I was intrigued when a fan of a Premier Football Club posted the following tweet:
‘Leave my club.’
It was a three letter comment to the owner of a Premier football club. My intrigue was sparked by a number of thoughts,
Did the fan own the club?
Did he think he owned the club?
Maybe he was the main shareholder?
Or was he some bloke who had invested a considerable amount of his life to supporting this club and that endows him with a sense of ‘ownership’?
Rightly we know that people like Roman Abramovich (Chelsea); Mike Ashley (Newcastle) own their clubs. In fact of the twenty Premier football clubs nine are owned by individuals or family concerns. And the fan who posted the tweet, ‘Leave my club’ is not one of them. So what was he saying? What accumulated processes had he gone through that made him think he owned a football club? Some will say it is allegiance built up over years of supporting this particular club, he may have invested so much of his being into it, that his daily existence is centred on the day-to-day experience of ‘his club’. And crucially the club is being mismanaged by some idiot who doesn’t know how to run ‘his club’!
Manchester City Ruined My Life by Colin Shindler, tells the story of his sorrowful disenchantment with his home town club as, on the instruction of its new foreign owners, it turns itself remorselessly into a global brand.
He wrote of experience of a life ruined. He mentions in one chapter that he was in a certain place when his club scored a crucial goal, now he has to always stand in that place as it might, just might, influence his team’s goal scoring ability. I know men who went to football matches as children and from that day onwards they have always only supported that team – for good or ill. Recently someone visiting from the USA was taken to watch a London team, not Premiership, and as a result he is now an ardent fan. He has the shirt, the scarf and the hat and can’t wait to get the results of matches in the States. Personally I think he’s bonkers, but I can understand that he got caught up in the game, it touched something in him and he has been hooked. It’s his team and he has only been to seen them play once!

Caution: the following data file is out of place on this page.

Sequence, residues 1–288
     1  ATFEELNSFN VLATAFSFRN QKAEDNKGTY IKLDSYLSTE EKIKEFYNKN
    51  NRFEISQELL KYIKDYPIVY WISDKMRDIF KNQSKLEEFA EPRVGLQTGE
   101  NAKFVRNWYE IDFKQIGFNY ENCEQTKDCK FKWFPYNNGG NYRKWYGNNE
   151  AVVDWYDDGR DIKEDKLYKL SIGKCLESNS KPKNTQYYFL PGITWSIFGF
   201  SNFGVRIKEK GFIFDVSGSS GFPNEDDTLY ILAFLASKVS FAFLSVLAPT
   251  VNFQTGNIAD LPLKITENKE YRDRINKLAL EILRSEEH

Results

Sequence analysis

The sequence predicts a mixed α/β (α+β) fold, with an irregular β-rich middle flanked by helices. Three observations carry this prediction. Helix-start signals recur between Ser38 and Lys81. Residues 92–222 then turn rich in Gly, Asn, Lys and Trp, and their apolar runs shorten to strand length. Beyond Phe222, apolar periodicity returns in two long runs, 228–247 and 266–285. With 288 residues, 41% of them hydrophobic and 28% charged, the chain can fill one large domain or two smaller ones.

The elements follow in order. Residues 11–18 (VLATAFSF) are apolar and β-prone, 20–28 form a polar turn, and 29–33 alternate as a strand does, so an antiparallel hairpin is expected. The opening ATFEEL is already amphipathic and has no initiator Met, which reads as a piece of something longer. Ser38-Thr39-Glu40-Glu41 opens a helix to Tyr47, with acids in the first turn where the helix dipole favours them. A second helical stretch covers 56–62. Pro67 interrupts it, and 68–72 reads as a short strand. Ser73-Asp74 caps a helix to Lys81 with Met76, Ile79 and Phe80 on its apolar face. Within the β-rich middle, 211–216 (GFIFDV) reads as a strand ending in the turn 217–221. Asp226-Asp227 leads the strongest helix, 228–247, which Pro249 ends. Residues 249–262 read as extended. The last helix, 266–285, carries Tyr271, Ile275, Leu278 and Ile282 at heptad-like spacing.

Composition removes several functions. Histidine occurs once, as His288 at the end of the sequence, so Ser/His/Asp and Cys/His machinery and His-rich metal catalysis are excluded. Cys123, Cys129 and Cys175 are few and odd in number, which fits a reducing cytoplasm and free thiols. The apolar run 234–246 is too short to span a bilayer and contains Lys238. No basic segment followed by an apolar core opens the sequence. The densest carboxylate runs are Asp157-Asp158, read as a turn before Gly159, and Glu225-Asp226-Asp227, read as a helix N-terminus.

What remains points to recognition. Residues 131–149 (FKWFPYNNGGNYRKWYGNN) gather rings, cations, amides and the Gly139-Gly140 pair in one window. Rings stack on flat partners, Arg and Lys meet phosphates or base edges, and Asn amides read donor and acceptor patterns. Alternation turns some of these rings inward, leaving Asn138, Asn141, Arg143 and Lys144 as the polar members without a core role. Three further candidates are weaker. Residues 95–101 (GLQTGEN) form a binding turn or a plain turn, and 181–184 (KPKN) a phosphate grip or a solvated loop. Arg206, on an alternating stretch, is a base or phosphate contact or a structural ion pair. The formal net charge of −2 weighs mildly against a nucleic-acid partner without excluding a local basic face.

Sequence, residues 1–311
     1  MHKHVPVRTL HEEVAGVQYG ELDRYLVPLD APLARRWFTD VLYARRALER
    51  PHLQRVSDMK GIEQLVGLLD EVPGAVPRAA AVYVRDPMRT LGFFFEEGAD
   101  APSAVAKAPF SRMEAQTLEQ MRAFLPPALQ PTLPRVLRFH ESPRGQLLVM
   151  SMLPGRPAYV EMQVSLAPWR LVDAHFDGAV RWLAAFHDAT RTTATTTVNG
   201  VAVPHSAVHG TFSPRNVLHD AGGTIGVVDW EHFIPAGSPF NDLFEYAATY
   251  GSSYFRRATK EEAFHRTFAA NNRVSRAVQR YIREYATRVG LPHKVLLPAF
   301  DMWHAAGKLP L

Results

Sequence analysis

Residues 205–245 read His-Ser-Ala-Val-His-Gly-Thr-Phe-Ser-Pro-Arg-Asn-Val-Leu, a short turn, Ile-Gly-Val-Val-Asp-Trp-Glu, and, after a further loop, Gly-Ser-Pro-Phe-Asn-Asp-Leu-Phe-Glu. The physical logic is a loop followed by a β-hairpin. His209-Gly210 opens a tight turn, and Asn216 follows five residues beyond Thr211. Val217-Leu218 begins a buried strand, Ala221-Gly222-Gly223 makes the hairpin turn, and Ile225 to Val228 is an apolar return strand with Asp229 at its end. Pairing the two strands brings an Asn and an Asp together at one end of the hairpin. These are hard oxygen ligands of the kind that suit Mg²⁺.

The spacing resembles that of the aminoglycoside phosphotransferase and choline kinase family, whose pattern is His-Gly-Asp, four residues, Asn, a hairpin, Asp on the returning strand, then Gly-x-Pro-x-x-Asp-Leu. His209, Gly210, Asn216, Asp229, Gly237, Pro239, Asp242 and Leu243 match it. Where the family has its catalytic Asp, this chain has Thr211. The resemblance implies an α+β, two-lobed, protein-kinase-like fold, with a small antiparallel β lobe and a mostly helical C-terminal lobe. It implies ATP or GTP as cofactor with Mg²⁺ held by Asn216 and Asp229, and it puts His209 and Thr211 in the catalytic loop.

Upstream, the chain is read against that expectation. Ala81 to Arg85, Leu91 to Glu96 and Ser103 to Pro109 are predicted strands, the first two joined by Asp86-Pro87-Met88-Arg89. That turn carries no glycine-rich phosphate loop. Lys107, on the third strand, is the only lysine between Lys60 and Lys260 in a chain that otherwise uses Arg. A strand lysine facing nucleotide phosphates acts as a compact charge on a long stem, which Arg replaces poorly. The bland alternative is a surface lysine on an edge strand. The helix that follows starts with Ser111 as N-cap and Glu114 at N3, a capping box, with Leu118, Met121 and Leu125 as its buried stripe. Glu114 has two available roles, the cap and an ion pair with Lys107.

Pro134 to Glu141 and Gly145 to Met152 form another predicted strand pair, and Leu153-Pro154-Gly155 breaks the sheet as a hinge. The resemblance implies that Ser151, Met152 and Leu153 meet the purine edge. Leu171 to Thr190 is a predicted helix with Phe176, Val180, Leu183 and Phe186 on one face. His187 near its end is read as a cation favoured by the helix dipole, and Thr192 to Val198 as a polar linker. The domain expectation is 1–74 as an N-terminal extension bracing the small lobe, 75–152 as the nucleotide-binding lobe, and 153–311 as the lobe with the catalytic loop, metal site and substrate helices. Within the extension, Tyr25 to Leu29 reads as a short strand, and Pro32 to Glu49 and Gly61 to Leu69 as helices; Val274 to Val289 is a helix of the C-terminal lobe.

If an owner decides that he will play all his home games behind closed doors there is not much anyone can do about it – apart from calling the Samaritans. Yet so powerful is this sense of identity, so consuming that we see more and more demonstration of this from the ‘fans’ (owners). The real owner doesn’t need to leave, to sell ‘his’ club, bring in a ‘real owner’ who knows the game; no, he just has to close the doors to the fans and take media money.
What is it in our psyche that generates this attachment?
Lead author Martha Newson, from the Institute of Cognitive and Evolutionary Anthropology at the University of Oxford, said:
‘Our research suggests it is the intensity of emotion that counts, so their history of shared painful losses is as important as the joy of winning the league in creating “self-shaping” experiences. These experiences lead fans to fuse their own identity with that of their club and fellow supporters.’Martha Newson, OX, 2016
Being a follower of Christ can I be any less passionate about what Jesus has done and can do? My identity is fused with that of the resurrected Lord. I just need the hat, shirt and scarf…